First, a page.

So, where exactly does a program like The Office — a comedy about a regional manager who constantly crosses clear-cut lines – fit in in 2018 and beyond? What’s more, why do so many of us, myself included, continue to stream the show on the regular and still laugh at such offensive behavior? Behavior, I’d like to believe, we’d never tolerate if we actually witnessed it in the workplace.
A simple reason may be that the Dunder Mifflin office, while not unlike the sterile buildings many of us trudge to and from five days each week, doesn’t actually exist. It couldn’t exist. Sure, we recognize certain elements of the environment (e.g. a microwave that never gets cleaned) and characters (e.g. a coworker who dresses too casual for Casual Fridays) from our own humdrum work lives, but none of us actually work at a Dunder Mifflin Scranton. Never would a documentary crew opt to go to a little town most Americans couldn’t locate on a map and spend nearly a decade recording the daily office life of a fledgling paper company and its employees. Just as almost none of the show’s characters could stave off pink slips for more than a few hours acting as they do in a real office. Michael survives unscathed and even fails upward despite his inappropriate behavior. Consider Jim and Pam’s daily pranks and slacking, Dwight’s penchant for weapons in the workplace, puritanical Angela’s regular warehouse trysts, Meredith’s on-the-job drinking and sex for discounts (and steak), not to mention Creed Bratton, the reason criminal background checks were invented. That doesn’t mean that absolutely anything goes on the show – far, far from it – but to compare The Office to, say, our own offices, and the behaviors that occur at each, yields little more than an apples-to-beets comparison. The show’s safe distance from our reality allows us to let our guard down and laugh when we might otherwise get upset.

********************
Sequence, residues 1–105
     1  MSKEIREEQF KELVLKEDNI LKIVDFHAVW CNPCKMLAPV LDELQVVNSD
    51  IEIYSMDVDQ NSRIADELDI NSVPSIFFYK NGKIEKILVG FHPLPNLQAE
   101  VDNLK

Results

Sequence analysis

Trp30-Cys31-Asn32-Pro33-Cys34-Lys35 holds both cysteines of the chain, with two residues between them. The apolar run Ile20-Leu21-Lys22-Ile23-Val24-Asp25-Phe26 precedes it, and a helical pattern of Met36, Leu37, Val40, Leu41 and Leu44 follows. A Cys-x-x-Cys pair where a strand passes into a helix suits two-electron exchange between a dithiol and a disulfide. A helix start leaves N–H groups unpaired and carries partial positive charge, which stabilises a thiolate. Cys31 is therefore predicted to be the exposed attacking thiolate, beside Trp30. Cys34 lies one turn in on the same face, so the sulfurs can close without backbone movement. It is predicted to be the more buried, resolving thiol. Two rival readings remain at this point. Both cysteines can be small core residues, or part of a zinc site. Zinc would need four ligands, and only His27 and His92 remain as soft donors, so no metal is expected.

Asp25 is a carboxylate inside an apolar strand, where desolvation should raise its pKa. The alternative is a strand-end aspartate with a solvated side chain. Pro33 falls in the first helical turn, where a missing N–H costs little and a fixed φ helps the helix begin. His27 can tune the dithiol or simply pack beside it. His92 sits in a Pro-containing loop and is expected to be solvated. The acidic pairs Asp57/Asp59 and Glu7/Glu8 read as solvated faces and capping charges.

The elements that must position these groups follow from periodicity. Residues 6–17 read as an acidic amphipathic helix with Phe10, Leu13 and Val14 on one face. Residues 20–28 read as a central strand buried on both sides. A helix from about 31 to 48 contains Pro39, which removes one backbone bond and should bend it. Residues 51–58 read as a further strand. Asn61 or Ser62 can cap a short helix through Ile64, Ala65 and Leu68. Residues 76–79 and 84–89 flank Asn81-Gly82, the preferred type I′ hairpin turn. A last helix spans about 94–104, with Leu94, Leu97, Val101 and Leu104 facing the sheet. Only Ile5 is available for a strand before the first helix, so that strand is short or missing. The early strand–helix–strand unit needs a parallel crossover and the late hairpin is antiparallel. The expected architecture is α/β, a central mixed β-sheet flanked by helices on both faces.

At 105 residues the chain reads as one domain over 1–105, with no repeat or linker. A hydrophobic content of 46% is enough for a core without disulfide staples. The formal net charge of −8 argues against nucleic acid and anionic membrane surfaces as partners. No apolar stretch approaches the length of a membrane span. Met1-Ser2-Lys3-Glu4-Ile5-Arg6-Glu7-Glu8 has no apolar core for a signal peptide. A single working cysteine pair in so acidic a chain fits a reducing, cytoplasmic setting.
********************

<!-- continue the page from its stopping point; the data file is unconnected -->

The argument might also be made that there’s social or satirical value in some of the situations that arise amid the absurdity at Dunder Mifflin’s Scranton branch. Take the third season episode “Women’s Appreciation” in which Phyllis gets flashed in the office parking lot by an unknown man. Yes, an incident of sexual misconduct technically becomes the catalyst for 22 minutes of absurdist comedy, but the initial reactions of her coworkers also astutely capture the various attitudes and misconceptions about sexual misconduct one might actually encounter in that situation. Michael, before dangling his finger through the fly of his pants, jokes that he figured it would have happened to a younger, more attractive employee like Pam. Additionally, Angela shames Phyllis by pointing out she’s a married woman, Dwight blames the victim by enacting a more stringent dress code on the office’s female employees, and Creed just doesn’t get what the big deal is about “hanging brain.” Even sympathetic Pam turns Phyllis’ trauma into a prank by creating a poster of the perpetrator that looks like Dwight with a mustache. While Michael predictably worsens the matter by leading a women’s appreciation seminar, organizing a group spree to Victoria’s Secret, and flipping the entire experience to make it about his relationship problems with Jan, those first few moments of the episode actually do a remarkable, if not entirely realistic, job of illustrating just how alone and unsupported a victim, male or female, might feel after that sort of terrible experience.